If your work continues to be rejected, set it aside and take some time away from it. When you look at it again, try to do so objectively. What can you do better? How can you improve as a writer? Use rejection to make your work better. Devote more time honing your skills and developing your work, then re-submit the work with the confidence that you have improved as a writer and have produced a stronger piece.

Use it to Open Doors

Sometimes, the work you submit just isn’t a good fit for whatever reason: It doesn’t have the right tone, the timing is off, or the publisher is just in the market for another style. However, your work may still catch the attention of a publisher, leading to other opportunities. Perhaps you will be asked to write another piece for publication, or the publisher may talk to you about what other work you have available to submit. Rejection doesn’t have to be the final “no”.

Rejection is always hard, and it is difficult not to see it as a condemnation of your writing and you as a person. However, maintaining an objective attitude can help you see rejection as a way to improve and to strengthen your talents. What other ways have you found helpful for overcoming the sting of rejection?

Bio:

Maria Rainier is a freelance writer and recent graduate of Elon University. She is currently a resident blogger at an online degree resource site, where recently she’s been researching different online aa business administration opportunities and blogging about student life. In her spare time, she enjoys square-foot gardening, swimming, and avoiding her laptop.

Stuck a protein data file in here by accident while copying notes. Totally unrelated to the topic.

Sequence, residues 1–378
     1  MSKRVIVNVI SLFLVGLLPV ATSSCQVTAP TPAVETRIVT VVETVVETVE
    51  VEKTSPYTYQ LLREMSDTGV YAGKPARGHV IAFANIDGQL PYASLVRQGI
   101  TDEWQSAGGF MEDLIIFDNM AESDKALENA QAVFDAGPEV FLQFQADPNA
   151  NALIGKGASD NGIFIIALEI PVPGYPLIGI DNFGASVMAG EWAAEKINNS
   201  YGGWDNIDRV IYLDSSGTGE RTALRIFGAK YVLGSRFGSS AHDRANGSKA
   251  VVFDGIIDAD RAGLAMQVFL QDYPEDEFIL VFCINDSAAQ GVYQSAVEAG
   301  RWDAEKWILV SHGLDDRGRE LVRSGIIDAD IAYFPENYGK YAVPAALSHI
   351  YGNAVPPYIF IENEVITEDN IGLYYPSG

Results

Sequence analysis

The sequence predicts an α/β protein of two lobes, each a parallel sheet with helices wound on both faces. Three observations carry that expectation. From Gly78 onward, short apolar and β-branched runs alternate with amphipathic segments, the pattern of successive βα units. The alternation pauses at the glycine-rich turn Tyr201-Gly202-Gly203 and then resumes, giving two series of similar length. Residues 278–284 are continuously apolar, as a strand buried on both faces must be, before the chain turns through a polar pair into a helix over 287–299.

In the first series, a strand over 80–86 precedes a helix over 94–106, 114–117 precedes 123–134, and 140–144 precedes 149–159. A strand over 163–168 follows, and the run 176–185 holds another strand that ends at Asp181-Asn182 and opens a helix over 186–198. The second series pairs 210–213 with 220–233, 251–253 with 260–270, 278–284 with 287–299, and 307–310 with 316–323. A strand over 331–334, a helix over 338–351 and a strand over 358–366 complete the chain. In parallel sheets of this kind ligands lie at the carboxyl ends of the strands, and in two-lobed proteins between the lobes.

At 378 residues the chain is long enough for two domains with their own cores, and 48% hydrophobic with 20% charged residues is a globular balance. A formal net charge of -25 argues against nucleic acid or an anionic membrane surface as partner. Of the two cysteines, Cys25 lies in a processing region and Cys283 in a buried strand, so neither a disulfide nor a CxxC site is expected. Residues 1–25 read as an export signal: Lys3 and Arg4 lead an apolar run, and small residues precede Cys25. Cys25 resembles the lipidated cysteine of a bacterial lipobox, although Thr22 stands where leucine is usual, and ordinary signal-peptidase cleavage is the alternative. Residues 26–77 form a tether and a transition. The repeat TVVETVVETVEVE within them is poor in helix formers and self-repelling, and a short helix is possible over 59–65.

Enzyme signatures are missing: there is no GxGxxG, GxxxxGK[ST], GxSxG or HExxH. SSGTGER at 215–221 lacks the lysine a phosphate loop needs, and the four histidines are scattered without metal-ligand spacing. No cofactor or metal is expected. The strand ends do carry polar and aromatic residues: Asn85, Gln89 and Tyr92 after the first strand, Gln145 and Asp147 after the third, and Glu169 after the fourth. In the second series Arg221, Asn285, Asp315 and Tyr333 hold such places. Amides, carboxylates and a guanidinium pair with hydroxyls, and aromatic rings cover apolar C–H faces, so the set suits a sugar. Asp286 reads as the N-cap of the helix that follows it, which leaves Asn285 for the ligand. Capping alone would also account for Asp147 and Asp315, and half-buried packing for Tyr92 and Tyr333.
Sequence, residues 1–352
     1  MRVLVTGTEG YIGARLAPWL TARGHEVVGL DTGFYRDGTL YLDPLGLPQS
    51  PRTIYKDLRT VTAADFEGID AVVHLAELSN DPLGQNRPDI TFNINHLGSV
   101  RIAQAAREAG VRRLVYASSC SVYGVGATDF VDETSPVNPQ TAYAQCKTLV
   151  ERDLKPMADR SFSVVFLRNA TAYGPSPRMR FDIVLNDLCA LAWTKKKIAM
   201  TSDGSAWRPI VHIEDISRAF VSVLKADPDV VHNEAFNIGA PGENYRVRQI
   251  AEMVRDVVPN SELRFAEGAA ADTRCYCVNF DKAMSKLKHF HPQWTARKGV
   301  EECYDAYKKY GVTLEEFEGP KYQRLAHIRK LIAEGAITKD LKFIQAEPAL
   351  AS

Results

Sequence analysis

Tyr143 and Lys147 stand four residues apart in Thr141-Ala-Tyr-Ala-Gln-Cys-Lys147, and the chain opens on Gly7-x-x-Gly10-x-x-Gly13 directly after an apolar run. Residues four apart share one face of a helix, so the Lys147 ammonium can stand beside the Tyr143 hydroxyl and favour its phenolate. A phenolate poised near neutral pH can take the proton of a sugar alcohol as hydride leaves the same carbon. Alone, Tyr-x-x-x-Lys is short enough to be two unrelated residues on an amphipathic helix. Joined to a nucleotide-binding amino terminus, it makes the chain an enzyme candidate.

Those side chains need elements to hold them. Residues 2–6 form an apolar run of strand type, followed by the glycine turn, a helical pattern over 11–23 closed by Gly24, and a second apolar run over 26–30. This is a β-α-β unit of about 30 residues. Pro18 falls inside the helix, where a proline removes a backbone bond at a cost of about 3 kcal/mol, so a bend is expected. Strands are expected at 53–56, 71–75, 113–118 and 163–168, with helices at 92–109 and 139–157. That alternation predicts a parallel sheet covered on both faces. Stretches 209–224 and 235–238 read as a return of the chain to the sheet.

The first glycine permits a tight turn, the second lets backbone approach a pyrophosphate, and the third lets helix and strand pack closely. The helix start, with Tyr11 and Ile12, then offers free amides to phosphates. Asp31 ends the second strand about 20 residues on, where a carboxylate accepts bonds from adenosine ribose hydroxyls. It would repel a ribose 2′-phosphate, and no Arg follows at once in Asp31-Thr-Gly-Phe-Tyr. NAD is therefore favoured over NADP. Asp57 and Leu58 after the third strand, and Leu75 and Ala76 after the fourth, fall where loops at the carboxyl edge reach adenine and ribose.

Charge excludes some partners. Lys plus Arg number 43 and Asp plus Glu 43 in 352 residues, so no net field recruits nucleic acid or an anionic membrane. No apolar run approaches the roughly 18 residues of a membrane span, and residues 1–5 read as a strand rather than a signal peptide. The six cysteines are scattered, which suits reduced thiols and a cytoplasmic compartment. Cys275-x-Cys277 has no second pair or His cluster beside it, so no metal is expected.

Good tutorial on book proposals

The folks at Writer’s Relief work full time helping authors produce queries, book proposals and other services.

If you’re working on a book proposal, use this 2008 post as a guide. It’s filled with sound advice on the critical proposal components to attract an agent.

 

The Art of the Non-Fiction Book Proposal – Writer’sRelief lives at writersrelief.com

Agents embracing ebooks

First, we grassroots writers were publishing ebooks, then the birth of Kindle, Nook and other tablet devices made ebooks the next million-dollar-idea in the industry. Now, a well known agency is helping clients go straight to ebooks, for the right projects:

This from Media Bistro 6/29/11

Dystel & Goderich Literary Management will now help clients explore eBook and print-on-demand options.

The agency founded the service to help “books we believe in and feel passionately about but couldn’t sell.” According to the agency’s site, they have “no intention of becoming e-publishers.” Last year the Wylie Agency created (and then resolved) a public dispute with Random House over the Wylie Agency’s push to make eBooks for clients.